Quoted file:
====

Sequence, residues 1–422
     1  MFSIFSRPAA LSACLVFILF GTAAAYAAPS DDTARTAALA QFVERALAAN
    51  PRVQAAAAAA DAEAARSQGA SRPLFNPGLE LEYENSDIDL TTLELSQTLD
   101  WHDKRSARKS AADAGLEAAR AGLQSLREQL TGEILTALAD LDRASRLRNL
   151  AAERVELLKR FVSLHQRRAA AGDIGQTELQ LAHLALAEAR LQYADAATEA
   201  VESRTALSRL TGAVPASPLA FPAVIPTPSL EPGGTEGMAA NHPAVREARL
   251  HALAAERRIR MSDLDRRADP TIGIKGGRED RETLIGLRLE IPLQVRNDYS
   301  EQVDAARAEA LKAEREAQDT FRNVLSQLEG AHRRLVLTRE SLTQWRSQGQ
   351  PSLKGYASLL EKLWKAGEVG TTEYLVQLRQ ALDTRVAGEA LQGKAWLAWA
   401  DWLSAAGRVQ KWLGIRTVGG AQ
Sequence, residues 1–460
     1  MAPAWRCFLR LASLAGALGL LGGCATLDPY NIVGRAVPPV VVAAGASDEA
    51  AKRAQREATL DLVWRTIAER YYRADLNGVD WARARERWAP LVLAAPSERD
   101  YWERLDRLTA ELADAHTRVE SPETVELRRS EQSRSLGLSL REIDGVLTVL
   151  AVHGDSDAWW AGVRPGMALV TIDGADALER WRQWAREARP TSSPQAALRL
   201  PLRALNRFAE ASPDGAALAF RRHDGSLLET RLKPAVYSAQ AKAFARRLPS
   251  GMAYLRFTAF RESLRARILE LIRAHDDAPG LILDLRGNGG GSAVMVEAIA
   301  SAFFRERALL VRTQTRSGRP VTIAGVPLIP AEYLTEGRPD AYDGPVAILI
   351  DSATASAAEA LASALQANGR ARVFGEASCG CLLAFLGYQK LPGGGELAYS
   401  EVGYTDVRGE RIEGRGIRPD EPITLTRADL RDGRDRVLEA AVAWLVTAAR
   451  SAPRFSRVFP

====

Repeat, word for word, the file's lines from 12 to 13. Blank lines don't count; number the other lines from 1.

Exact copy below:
     1  MAPAWRCFLR LASLAGALGL LGGCATLDPY NIVGRAVPPV VVAAGASDEA
    51  AKRAQREATL DLVWRTIAER YYRADLNGVD WARARERWAP LVLAAPSERD